Waiting for Dizzy

Waiting for Dizzy

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Dizzy Gillespie. Joe Venuti and Eddie Lang. Benny Carter, the true "Gentleman of Jazz." And Bix Beiderbecke, the F. Scott Fitzgerald of players. The story of jazz is a story of individuals--enormously gifted, dedicated, sometimes driven, yet often gentle people.
In this volume, Gene Lees, continues his richly entertaining and informative chronicle of the lives and times of jazz with a new collection of fourteen memorable essays drawn from his renowned Jazzletter. Waiting for Dizzy adds to the insights of his two previous collections, Meet Me at Jim & Andy's and Singers and the Song, both highly acclaimed. Meet Me at Jim and Andy's won the ASCAP-Deems Taylor Award.
Lyricist, essayist, and music historian, Gene Lees draws on a lifetime of experience--and in many cases friendships--in the jazz world to bring fresh insights to the lives and work of these magnificent artists, whether he is discussing why any guitarists have unsteady time or the complex role of race in jazz history.
He is a repository of the humor of the jazz musician, recounting their wit and practical jokes: Ray Brown and Herb Ellis dying their hair as a gag on Oscar Peterson, or Joe Venuti trying to nail a foot-tapping tenor player's shoe to the floor. And as a perceptive cultural historian, he questions the jazz myth that no white musician ever made a signficant contribution to jazz.
But the heart of Waiting for Dizzy is its exquisitely crafted character studies, warm pictures of the men (and women) who created and continue to create this music. He begins in the era of its first great flowering, the 1920s. He then presents a gallery of vivid portraits of a diverse group of musicians, including the seminal arranger Bill Challis, Joe Venuti, Herb Ellis, Benny Carter, Lenny Breau, and Edmund Thigpen. The theme of discrimination against black Americans turns up frequently, as in the portraits of Al Grey and Hank Jones. Readers meet Spiegle Wilcox, the 87-year-old trombonist who played in the legendary Jean Goldkette band of the mid-20s, and left the music world only to return to playing 50 years later; Emily Remler, the tragic, determined, gifted guitarist who sought to break the sex barrier and her own drug habit, only to die all too young in a far-away place; and Bud Shank, the fine alto saxophonist who disappeared into the numbing atmosphere of studio work, and at last rebelled to return to jazz. The books final essay is its pinnacle: a day spent in the recording studio with Dizzy Gillespie, surrounded by brilliant younger musicians who are his spiritual children, among them Art Farmer and Phil Woods. It is a lyrical, affectionate, and affecting portrait of one of the three or four most important figures--and the most loved-- in jazz history.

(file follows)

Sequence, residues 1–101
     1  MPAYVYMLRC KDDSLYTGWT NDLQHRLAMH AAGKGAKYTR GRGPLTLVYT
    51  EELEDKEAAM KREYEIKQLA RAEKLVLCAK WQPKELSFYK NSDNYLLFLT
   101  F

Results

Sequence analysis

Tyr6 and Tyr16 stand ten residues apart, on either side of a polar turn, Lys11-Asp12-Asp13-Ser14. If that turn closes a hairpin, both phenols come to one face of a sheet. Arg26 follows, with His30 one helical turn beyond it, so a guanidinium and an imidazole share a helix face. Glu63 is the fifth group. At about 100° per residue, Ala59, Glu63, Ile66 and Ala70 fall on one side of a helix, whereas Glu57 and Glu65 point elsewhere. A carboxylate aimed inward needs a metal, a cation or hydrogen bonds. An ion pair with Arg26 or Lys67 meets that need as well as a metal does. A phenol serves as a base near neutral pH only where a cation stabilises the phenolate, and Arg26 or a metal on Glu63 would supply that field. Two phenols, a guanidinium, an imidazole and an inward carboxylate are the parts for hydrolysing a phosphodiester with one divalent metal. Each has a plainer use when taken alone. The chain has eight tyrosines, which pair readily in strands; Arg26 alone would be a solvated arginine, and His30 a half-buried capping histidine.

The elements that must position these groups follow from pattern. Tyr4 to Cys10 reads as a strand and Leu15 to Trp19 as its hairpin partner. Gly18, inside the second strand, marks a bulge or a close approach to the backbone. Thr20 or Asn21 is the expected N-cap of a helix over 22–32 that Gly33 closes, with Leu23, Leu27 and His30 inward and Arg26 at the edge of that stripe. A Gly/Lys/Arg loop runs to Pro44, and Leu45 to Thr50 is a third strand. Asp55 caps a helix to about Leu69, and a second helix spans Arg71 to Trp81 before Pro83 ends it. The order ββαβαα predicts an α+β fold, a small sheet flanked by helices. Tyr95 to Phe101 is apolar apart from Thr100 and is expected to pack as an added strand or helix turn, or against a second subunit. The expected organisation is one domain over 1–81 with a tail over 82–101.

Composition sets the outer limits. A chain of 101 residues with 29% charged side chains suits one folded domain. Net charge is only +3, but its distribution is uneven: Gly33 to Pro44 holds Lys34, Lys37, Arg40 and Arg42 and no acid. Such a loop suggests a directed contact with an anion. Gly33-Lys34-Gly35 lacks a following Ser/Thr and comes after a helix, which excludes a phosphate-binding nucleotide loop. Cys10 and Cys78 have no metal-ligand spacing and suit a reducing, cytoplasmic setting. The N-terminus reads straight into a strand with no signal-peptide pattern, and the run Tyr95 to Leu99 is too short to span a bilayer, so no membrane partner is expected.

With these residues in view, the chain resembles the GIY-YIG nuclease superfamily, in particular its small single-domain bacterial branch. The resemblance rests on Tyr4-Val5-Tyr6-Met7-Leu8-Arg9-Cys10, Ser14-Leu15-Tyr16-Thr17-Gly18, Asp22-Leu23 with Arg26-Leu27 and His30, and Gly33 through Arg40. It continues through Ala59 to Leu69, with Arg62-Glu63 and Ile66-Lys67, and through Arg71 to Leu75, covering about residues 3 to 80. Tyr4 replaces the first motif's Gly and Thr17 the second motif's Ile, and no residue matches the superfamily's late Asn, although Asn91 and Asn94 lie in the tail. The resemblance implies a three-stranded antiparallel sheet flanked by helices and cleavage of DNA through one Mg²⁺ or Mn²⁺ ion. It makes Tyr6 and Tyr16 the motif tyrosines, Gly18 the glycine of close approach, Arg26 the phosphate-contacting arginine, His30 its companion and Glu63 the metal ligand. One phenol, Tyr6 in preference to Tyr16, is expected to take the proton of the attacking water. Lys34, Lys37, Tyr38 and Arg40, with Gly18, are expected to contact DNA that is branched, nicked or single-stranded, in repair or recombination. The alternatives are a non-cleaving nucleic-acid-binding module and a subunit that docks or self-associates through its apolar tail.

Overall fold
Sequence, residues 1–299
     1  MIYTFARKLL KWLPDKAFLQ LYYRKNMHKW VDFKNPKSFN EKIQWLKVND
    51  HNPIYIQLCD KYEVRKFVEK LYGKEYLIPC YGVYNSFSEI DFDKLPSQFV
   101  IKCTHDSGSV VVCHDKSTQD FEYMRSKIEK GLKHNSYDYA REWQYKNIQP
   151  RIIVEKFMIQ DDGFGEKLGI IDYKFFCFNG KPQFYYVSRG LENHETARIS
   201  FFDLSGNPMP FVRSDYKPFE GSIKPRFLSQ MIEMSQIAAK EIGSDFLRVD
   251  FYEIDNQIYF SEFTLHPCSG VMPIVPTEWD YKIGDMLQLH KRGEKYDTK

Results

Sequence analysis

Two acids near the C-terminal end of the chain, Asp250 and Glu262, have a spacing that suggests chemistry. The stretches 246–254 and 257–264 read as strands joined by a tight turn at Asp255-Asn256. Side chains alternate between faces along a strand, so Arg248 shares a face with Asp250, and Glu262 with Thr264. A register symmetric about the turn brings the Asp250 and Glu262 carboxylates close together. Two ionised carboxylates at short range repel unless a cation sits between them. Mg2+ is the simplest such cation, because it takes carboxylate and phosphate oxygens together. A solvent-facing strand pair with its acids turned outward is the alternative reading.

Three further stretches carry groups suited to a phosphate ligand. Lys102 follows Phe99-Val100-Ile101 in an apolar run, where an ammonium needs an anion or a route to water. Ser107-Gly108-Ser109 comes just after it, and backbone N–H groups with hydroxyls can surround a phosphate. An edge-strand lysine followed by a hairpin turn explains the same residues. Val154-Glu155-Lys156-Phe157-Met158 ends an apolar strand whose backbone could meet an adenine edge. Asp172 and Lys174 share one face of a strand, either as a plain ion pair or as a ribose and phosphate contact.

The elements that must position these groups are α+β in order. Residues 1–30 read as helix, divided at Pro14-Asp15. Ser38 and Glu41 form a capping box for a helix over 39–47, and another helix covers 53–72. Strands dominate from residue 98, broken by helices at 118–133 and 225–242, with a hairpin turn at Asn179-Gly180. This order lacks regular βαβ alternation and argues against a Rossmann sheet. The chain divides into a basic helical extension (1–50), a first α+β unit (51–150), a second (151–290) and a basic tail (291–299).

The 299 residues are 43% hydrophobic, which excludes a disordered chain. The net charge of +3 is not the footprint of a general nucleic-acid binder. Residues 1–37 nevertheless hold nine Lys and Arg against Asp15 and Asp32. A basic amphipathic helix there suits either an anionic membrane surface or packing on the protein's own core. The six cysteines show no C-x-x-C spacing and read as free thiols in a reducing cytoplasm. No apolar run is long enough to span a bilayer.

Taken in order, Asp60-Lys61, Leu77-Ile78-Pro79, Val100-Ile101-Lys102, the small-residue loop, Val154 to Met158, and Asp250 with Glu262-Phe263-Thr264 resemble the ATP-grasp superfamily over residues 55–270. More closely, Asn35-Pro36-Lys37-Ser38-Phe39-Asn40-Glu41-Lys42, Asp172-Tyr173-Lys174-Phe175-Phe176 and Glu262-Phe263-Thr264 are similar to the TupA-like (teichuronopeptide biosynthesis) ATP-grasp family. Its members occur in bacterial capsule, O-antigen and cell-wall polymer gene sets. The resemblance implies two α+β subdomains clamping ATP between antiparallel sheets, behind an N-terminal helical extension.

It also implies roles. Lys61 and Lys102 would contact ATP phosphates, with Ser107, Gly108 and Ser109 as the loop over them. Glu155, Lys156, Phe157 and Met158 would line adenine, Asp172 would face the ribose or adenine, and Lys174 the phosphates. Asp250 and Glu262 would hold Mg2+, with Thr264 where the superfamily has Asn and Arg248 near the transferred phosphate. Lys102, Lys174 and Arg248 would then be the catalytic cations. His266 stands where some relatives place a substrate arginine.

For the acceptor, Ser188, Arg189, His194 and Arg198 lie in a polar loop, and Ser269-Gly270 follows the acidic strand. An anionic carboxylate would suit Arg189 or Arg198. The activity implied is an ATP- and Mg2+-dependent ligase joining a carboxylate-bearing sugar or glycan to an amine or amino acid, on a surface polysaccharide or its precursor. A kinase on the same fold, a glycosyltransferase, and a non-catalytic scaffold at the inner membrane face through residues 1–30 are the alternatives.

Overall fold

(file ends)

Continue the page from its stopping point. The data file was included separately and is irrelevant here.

From Bix to Dizzy, from swing to be-bop, from the 1920s to the 1990s, Waiting for Dizzy is an exhilarating collection by the author The Washington Post Book World calls "not only an extraordinarily perceptive reporter and analyst of jazz performance, jazz history, and jazz people, but also one of those writers who's a joy to read on any subject at all."
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Product details

  • Paperback | 260 pages
  • 134.62 x 200.66 x 30.48mm | 226.8g
  • New York, United States
  • English
  • New edition
  • New edition
  • 0195079086
  • 9780195079081

About Gene Lees

About the Author: Gene Lees is the award-winning author of Meet Me at Jim & Andy's and Singers and the Song, as well as biographies of Oscar Peterson and Lerner and Loewe. He has written extensively for Down Beat, Stereo Review, High Fidelity, The New York Times, American Film, and other publications. Since 1981, he has published, edited, and written for the Jazzletter, PO Box 240, Ojai CA 93024-0240.
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